But when the religious are challenged, there is no evidence for them to consult. By definition, if you have faith, you are choosing to believe in the absence of evidence. Nobody has “faith” that fire hurts, or Australia exists; they know it, based on proof. But it is psychologically painful to be confronted with the fact that your core beliefs are based on thin air, or on the empty shells of revelation or contorted parodies of reason. It’s easier to demand the source of the pesky doubt be silenced.

But a free society cannot be structured to soothe the hardcore faithful. It is based on a deal. You have an absolute right to voice your beliefs – but the price is that I too have a right to respond as I wish. Neither of us can set aside the rules and demand to be protected from offence.

Yet this idea – at the heart of the Universal Declaration – is being lost. To the right, it thwacks into apologists for religious censorship; to the left, it dissolves in multiculturalism. The hijacking of the UN Special Rapporteur by religious fanatics should jolt us into rescuing the simple, battered idea disintegrating in the middle: the equal, indivisible human right to speak freely.

An excellent blog that keeps you up to dates on secularist issues is Butterflies and Wheels, which you can read here.

If you want to get involved in fighting for secularism, join the National Secular Society here.

j.hari@independent.co.uk





Islamic scholars call for redefining ‘jehad’

10 11 2008

Delink Muslims and terrorism: Sri Sri

KV Ramana
Monday, November 10, 2008 04:06 IST
Source: DNA

HYDERABAD: There is a need to redefine the word ‘jehad’ because it is being wrongly identified with terrorism, the Jamiat Ulama-i-Hind, the biggest congregation of Islamic scholars in the country, resolved on Sunday even as spiritual guru Sri Sri Ravi Shankar stressed on the need for delinking Muslims and terrorism.

Listing out a way to combat terror, the Art of Living preacher called for isolating terrorists. “Even if a person in our own family is indulging in terrorism, he should be isolated and expelled,” he said addressing a convention organised by Jamiat Ulama-i-Hind, which passed a resolution condemning terror.

“Jehad is permitted only to restore peace and is a fundamental right of a human being. Terrorism is a crime and in the eyes of the Quran and Islamic values, the biggest crime,” the resolution said.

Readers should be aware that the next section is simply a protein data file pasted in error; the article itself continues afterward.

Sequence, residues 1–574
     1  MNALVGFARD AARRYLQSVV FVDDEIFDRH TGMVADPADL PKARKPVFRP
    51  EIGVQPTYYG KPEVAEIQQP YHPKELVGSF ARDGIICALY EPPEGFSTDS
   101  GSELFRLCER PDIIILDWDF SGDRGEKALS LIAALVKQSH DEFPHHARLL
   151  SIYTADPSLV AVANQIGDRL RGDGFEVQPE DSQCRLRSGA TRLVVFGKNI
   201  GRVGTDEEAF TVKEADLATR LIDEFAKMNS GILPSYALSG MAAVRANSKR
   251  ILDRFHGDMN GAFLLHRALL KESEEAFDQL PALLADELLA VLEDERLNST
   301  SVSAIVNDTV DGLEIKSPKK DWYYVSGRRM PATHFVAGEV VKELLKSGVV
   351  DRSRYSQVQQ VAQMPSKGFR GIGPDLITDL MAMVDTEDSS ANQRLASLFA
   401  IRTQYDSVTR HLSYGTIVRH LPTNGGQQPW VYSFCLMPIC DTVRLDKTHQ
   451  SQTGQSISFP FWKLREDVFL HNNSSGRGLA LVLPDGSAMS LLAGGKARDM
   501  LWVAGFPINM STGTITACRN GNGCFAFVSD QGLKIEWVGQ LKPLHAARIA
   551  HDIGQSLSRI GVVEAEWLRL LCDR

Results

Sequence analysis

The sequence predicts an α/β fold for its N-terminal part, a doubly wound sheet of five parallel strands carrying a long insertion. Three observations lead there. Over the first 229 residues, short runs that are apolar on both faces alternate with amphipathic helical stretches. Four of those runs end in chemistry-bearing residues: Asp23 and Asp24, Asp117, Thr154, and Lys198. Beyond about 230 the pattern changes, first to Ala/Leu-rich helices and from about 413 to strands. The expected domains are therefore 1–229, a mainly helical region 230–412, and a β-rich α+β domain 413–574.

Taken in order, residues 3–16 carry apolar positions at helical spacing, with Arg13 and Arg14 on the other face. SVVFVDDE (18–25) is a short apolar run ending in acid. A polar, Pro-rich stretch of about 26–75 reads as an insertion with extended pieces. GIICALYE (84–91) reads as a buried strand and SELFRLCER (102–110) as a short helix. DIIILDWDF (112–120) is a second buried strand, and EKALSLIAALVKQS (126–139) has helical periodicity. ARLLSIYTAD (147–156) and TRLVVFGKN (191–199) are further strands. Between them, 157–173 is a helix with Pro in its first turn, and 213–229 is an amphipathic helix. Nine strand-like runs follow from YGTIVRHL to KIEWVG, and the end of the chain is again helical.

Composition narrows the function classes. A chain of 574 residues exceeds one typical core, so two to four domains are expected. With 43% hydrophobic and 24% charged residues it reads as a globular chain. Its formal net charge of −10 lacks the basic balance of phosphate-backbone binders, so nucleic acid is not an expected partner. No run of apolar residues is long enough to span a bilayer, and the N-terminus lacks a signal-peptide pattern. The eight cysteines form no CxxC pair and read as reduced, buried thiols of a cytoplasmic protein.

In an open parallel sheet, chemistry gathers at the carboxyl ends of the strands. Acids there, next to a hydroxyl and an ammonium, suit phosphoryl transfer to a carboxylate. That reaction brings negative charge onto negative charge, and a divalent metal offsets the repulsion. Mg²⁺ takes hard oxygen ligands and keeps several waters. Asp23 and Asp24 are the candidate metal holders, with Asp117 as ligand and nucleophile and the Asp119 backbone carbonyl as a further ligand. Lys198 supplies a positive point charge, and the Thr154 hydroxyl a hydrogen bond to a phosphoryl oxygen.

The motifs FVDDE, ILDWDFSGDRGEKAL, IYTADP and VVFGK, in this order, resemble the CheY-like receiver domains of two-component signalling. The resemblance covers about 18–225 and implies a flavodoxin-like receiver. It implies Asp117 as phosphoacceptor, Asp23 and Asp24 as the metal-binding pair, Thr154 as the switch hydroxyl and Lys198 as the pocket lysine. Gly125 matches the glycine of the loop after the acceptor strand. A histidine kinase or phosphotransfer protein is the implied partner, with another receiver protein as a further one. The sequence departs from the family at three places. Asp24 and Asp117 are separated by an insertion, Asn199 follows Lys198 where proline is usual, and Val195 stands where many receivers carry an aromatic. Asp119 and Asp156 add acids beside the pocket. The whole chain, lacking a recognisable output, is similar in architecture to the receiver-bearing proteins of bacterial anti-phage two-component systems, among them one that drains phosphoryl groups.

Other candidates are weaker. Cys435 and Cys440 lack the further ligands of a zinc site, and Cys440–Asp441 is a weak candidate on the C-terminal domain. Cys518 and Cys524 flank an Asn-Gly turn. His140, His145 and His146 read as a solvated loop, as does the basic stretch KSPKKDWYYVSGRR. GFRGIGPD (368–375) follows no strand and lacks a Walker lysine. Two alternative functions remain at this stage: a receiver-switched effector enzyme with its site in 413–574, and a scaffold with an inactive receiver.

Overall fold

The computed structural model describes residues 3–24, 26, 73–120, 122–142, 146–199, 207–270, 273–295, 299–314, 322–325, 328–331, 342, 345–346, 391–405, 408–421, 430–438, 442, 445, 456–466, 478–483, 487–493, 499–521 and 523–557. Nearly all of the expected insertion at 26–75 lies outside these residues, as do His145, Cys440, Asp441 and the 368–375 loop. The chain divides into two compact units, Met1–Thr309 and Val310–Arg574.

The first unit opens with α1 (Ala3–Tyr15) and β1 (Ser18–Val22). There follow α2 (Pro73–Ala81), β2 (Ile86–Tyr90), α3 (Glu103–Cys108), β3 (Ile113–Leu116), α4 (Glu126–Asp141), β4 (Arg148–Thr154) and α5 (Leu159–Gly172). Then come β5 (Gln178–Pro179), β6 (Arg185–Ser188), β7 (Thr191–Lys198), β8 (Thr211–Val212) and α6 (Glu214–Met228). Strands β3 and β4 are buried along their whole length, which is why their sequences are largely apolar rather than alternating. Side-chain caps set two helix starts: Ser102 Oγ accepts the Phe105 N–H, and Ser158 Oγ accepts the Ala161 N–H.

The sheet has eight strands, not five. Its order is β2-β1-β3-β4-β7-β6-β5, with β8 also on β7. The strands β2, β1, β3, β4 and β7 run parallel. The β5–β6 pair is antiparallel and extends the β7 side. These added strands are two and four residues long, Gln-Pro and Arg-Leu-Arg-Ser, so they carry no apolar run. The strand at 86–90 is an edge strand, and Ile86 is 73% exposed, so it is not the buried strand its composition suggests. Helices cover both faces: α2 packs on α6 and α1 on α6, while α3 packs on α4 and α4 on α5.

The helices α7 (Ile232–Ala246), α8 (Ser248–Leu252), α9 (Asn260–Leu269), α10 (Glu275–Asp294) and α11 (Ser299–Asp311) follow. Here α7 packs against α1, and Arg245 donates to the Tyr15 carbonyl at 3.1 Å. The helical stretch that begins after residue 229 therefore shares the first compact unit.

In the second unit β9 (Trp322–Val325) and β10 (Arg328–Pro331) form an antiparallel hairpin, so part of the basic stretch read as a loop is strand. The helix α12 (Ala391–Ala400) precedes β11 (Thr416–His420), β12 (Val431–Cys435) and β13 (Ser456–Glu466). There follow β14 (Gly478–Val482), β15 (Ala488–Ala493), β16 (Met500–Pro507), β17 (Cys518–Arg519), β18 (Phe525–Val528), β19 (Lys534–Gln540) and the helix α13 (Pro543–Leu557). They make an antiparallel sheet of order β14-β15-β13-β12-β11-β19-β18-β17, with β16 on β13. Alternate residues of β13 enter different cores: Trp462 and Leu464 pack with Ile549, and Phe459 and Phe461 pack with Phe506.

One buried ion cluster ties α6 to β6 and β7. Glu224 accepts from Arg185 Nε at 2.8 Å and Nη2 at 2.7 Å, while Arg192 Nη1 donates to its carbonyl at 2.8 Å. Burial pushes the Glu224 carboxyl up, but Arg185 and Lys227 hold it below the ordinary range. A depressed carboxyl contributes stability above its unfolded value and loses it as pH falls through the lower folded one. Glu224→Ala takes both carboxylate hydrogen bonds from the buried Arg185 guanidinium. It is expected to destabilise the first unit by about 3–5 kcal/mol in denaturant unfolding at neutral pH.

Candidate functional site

“Terrorism invokes harassment, fear and killing of each other and suspends law and order and works to destroy social and political order. It is thus required to define jehad in its right perspective,” the resolution added.

The Jamiat discussed 21 resolutions, including those related to education to Muslims. The Islamic scholars resolved that Muslims should open schools and colleges that teach “only the existing modern syllabus along with special arrangements for providing education about religious studies”.





Mind of a Jehadi

30 05 2008

Mind of a Jehadi

By Amir Mir

(Appeared in Tehelka)

AL QAEDA chief Osama bin Laden has made jihad more central than ever before, sparking new global waves of inspiration to youth ready to give their all for the fight that he has come to symbolize. So blinded, often, is the commitment of the jihadi to the cause that those confronted with them are at a loss for counter-strategies.

He could be a dyed-in-the-wool product of a remote madarsa, bearded, aloof and intent on his purpose of establishing the Empire of the Faith. Or he could be a denim-clad graduate from a Western campus, modern to all intents and appearances, but equally single-minded in determination as his counterpart from the madarsa. He may have been part of the West and benefited from what it has to offer, but he also sees the “ills and injustices of its materialism, its determination to foist on the world an order and ethos it has created”; he is determined to fight it. As Giles Kepel, the leading French authority on Islamists, puts it in his important study, The War For Muslim Minds: “Al Qaeda was (and is) less a military base of operations than a database that connected jehadists around the world via the Internet… this organisation did not consist of buildings and tanks and borders but of websites, clandestine financial transfers and a proliferation of activists ranging from Jersey City to the paddies of Indonesia.”

In the final analysis, the jehadi is the same person, whether he comes from an ill-equipped madarsa or an affluent university, whether he comes from the poverty of the Orient or from the plenty of the West. He celebrates death in the service of Islam and resolutely believes that death in the service of the only cause worth serving is a one-way ticket to heaven. His biggest disagreement with the modern concept of democracy is that he does not believe religion is the private affair of a person but rather a complete way of life that necessarily includes politics.

Islam is his religion and his nation; it transcends boundaries, ethnicities, colour, creed and race. He rejects secularism and any social order other than that defined by Islam. He believes that Allah alone ——” is the sovereign and His commandments are the supreme taw of man. Of course, the theoretical reason why Islam had asked its followers to wage jehad was to create an egalitarian social order where the poor and the vulnerable would be treated with respect and dignity.

Jehad (struggle) never exclusively meant a holy war; it could have been a social, political, economic campaign as well. It was a fight against inequality, social injustice and discrimination. But today jehad has but one dimension — Kital, or violent struggle. And it has but one icon: Osama bin Laden, embattled with the Great West to establish the domination of his own realm of faith.